Charter Renewal

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Dr. John W. Lea IV
Southern Region Commissioner

Scouting is unique among youth organizations. One of its most unusual characteristics is that it doesn’t own or operate Scouting units. The ownership of packs, troops, teams, and crews is vested in community organizations or other groups. The Scouting movement provides the program, technical help, and special facilities. The chartered organization provides an adequate, safe meeting place and dedicated, capable leadership. Additionally, the chartered organization agrees to and adheres to the principles and policies of the Boy Scouts of America.

Since 1916, when the U.S. Congress granted a charter to the Boy Scouts of America, the BSA has the approval to grant charters to organizations. The BSA renews its charter annually. Likewise, chartered organizations renew their commitment to Scouting and their local council each year. As commissioners, we are in an excellent position to help and lead the unit charter renewal process.

The charter renewal process is an important, fundamental task. A great deal of unit loss is related to the process of renewing the unit’s charter. Among the commissioner’s duties is to help the unit be successful, and one way a unit commissioner can help is to ensure the unit’s charter renewal process is completed on time. The commissioner is responsible for the on-time charter renewal of all of their assigned units.

One of the early warning signs of a troubled unit is its failure to renew its charter on time. Making sure the charter renewal process is done correctly is also the responsibility of a commissioner. A good commissioner follows up early to ensure timely completion of the charter renewal process. It is also important that there is  a charter renewal plan in place with goals of zero time lapses and zero dropped units. If we lose a unit, we lose membership.

What can we, as commissioners, do to help the unit complete the charter renewal process? We can ask the following questions:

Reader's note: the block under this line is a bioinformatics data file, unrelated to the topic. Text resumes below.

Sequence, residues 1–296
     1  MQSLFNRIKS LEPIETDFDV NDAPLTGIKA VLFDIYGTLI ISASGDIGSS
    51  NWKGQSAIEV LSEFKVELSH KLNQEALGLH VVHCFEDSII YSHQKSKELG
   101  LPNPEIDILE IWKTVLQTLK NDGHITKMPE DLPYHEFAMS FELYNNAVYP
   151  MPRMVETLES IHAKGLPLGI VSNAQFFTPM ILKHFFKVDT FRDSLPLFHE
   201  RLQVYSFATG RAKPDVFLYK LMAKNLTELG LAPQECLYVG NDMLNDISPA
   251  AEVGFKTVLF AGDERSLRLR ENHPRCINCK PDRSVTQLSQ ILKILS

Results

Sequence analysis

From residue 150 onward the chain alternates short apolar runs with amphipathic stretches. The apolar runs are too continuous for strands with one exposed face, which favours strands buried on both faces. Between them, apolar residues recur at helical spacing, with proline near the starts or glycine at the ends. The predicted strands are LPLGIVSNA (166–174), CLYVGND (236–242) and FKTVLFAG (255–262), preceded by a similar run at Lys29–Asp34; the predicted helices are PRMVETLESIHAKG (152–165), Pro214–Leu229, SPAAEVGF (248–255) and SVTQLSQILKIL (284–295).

1. Does the unit use online rechartering? Online charter renewal provides a more accurate and efficient process. Does your district need to hold online rechartering training? That’s a good place for the district commissioner staff to jump in and help organize, instruct, and even teach the course. What about a district charter renewal party? How about a district roundtable on charter renewal?
  2. Does your unit have delinquent fees holding up charter renewal? Can the unit commissioner help collect those fees?
  3. Is the charter renewal process pending because direct contact leaders need Youth Protection training? Can the unit commissioner conduct the training for the unit leaders at the next unit meeting or unit committee meeting?
  4. Does the charter need certification signatures from the chartered organization or council?
  5. Is there another issue that is holding up the charter renewal process? The commissioner staff can help offer a solution to solve the problem. Don’t forget that the district commissioner staff has all the resources and support of the district committee. It is the district committee’s responsibility to set up the district for success and that means successful units!

Bottom line: Do what needs to be done. Discover who has the charter renewal forms and what is holding up the process; consult with your district executive; and if necessary hand-carry the forms through the renewal process.

Finally, complete the process with the charter presentation. The charter belongs in the hands of the chartered organization, not the unit. It is important to capture the interest of as many of the members of the chartered organization as possible. Remember, the BSA gives an annual report to Congress. The charter presentation ceremony is the unit’s opportunity to report to the chartered organization. If possible, stage the presentation during a regular meeting or activity of the chartered organization. Thank the chartered organization for the opportunity to present the charter and for accepting Scouting as a program of action for its organization.

Commissioners must help stop the loss of units. When I see year-end membership percent losses and last-year unit losses, I begin to think of ways commissioners can help. We must STOP THE LOSS! Remember, it is the commissioner’s responsibility to ensure that a unit is healthy; a lost unit can’t be healthy! The unit commissioner has the tools to renew the unit’s charter and keep it healthy. Let’s get to work.